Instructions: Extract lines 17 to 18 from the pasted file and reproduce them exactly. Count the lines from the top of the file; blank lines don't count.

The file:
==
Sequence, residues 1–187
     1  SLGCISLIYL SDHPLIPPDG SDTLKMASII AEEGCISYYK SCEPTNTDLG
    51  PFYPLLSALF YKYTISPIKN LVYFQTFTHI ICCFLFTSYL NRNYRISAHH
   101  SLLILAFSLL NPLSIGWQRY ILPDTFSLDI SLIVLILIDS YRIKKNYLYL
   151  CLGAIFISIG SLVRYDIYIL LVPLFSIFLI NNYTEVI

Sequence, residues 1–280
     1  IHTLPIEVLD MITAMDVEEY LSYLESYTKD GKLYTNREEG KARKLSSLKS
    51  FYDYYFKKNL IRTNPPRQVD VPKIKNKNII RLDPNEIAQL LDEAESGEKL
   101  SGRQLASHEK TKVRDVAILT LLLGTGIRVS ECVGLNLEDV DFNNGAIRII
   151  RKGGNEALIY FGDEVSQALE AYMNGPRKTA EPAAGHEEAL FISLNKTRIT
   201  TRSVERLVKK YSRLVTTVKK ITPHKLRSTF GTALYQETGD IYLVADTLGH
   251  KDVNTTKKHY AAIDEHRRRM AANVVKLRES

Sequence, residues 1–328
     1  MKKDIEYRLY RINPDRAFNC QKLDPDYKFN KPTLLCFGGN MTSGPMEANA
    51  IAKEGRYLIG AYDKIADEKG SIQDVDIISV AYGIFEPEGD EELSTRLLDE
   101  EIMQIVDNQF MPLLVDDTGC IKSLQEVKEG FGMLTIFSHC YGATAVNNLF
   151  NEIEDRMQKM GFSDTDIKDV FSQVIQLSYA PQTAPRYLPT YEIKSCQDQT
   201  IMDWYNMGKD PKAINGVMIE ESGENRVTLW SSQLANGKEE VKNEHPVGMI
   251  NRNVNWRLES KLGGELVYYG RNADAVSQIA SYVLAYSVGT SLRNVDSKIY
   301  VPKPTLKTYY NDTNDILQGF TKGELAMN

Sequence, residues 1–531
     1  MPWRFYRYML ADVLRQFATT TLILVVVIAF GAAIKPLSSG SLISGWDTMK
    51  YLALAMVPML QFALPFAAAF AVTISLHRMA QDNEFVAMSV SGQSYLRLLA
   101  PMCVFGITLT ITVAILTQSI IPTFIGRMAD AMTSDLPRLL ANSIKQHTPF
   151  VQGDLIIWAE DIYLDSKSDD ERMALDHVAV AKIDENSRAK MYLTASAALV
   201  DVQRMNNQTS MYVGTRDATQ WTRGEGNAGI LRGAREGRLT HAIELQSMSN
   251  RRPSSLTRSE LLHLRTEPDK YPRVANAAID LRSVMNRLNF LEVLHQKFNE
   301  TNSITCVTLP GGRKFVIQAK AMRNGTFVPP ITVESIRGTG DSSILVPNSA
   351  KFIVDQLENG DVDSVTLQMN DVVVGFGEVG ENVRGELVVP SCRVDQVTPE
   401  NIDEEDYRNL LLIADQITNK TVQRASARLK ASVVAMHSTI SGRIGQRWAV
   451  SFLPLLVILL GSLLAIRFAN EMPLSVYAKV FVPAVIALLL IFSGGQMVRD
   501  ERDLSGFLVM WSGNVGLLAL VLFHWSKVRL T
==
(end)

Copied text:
   151  NEIEDRMQKM GFSDTDIKDV FSQVIQLSYA PQTAPRYLPT YEIKSCQDQT
   201  IMDWYNMGKD PKAINGVMIE ESGENRVTLW SSQLANGKEE VKNEHPVGMI